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What is the difference between your required return and your desired return?

| August 15, 2016
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Over the years, we have heard phrases like “I’d like to earn 10%” or “I think I need to earn around 8%”. These statements and possible returns are typically influenced greatly by media, advertisements or even advisors reaching for new clients.  They are baked in behind emotions without math.  After all, higher returns are better, all else equal right?

For those of us who struggle in the patience department, the stock market has tested us greatly for the past several months as volatility seems to have us on a treadmill-- we’re doing a lot of walking but don’t seem to be getting anywhere!

So our lesson in patience today reminds us that your required return is based on data and analysis of your financial plan.  It is the return needed, taking into account your time horizon, asset base, liquidity needs, savings behavior, tax sensitivity and risk tolerance among other factors, that helps you accomplish your objectives.  This return is typically an inflation adjusted return with an assumed inflation rate over the investment horizon.  It helps frame the investment strategy around you specifically rather than the pursuit of returns more generically.

A return objective different than the required return can be viewed as your desired return.  This number can be influenced by past experience, expectations set by historical returns, or the investment media in general.  It can be influenced by a conversation with a friend at a party.   It is a number based on what you want vs what you need.  Not surprisingly, your desired return is often much higher than the required return.   This request for a particular desired return can often result in an allocation skewed toward higher risk assets which in turn can lead to problematic investment outcomes and damaging the overall financial plan.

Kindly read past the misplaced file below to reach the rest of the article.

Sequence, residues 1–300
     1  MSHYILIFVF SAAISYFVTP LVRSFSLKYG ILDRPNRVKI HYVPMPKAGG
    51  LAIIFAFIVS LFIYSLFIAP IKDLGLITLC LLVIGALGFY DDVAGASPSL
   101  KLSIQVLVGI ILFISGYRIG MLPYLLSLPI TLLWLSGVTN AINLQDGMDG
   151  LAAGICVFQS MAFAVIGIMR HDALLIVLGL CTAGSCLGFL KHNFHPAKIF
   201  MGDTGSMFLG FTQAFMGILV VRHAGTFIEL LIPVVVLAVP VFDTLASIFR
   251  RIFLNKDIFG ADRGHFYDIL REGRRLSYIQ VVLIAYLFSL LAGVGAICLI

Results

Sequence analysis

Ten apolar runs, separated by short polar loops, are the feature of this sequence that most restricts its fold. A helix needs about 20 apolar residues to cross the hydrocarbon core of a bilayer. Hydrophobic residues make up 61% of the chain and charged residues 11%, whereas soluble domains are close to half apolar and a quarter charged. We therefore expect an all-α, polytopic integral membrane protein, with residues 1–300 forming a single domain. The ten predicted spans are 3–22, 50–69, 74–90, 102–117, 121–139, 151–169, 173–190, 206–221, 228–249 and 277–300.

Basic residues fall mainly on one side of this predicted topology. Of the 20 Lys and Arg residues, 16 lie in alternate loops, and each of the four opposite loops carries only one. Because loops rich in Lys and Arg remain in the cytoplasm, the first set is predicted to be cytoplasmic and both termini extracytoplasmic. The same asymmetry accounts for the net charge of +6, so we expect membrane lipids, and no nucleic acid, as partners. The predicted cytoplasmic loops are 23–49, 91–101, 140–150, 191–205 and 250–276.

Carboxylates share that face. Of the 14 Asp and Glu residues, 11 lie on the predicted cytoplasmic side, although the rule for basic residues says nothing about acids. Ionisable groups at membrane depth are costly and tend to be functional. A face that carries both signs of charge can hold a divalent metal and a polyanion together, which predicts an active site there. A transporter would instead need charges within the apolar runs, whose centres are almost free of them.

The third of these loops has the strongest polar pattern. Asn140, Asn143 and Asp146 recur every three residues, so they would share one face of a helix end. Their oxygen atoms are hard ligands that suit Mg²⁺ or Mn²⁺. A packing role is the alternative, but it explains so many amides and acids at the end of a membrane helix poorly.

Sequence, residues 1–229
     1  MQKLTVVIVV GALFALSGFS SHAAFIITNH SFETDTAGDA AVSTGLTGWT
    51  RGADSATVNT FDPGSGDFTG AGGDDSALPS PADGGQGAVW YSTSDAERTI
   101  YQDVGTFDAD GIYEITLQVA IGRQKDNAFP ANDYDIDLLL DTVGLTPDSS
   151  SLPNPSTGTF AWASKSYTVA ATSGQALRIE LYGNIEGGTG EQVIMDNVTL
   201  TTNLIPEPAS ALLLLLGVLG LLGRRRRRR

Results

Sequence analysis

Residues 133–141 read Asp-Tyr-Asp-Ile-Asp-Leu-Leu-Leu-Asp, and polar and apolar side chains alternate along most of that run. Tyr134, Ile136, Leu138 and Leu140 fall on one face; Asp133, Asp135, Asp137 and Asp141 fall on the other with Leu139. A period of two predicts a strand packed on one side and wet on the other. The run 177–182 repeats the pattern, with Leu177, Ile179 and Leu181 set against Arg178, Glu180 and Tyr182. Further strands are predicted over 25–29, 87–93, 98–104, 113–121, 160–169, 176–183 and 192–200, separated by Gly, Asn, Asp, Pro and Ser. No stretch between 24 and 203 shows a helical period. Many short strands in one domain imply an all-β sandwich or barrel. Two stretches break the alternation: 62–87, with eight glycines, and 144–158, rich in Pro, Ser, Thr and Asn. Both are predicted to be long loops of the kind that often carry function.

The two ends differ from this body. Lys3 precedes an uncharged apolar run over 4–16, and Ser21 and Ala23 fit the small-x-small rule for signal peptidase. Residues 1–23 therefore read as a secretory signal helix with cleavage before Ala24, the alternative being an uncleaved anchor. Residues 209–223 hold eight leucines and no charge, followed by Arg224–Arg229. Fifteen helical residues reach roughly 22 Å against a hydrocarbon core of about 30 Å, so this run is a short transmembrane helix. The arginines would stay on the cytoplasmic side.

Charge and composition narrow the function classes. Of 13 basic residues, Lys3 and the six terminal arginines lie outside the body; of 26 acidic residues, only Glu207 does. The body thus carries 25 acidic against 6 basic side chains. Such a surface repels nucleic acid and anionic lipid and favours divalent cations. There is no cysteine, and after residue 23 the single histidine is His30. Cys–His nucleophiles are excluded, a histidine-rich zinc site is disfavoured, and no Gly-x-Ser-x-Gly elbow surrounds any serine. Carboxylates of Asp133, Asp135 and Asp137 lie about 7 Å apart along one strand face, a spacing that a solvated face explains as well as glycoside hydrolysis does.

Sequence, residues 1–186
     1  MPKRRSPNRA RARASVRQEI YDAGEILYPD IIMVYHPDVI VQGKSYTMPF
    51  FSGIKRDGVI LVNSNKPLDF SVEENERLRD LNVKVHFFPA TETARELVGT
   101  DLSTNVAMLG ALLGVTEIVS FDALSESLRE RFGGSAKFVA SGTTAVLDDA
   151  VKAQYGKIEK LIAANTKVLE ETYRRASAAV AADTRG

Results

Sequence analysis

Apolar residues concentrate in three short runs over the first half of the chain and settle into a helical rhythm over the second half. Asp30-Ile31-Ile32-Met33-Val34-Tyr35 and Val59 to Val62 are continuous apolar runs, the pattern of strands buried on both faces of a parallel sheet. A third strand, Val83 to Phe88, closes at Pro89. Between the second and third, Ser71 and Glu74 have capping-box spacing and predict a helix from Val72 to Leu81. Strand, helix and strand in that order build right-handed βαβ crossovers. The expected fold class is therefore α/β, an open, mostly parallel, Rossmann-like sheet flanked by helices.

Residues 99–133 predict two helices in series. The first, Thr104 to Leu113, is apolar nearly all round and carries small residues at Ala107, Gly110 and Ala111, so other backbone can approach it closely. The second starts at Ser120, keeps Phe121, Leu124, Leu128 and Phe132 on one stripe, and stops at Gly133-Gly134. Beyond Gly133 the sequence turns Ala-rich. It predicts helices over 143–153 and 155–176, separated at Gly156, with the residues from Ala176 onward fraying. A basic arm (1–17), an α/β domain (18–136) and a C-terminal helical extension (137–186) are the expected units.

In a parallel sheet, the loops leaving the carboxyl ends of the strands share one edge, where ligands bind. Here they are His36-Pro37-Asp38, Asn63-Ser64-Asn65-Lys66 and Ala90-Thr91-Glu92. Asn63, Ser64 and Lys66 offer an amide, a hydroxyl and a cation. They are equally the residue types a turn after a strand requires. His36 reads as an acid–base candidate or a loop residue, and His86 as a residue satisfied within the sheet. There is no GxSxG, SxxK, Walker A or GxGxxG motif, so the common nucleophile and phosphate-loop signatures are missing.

Many investors will find that the return necessary to achieve their long term goals is meaningfully less than their desired return.  This means that their portfolios can include higher allocations to assets with less expected volatility.  These less volatile returns, over time can add to the probability of the success of the financial plan.  In turn a higher probability of success helps you or your advisor avoid the temptation of making radical changes during times of market duress. 

So higher returns are better all else equal right?   Remember with investing all else isn’t equal.  Do the math.

 

There is no guarantee that the implementation of a financial plan will yield positive results. All investing is subject to risk, including the possible loss of the money you invest. Diversification does not ensure a profit or protection against a loss.  Securities and advisory services offered through LPL Financial, a Registered Investment Advisor. Member FINRA/SIPC.

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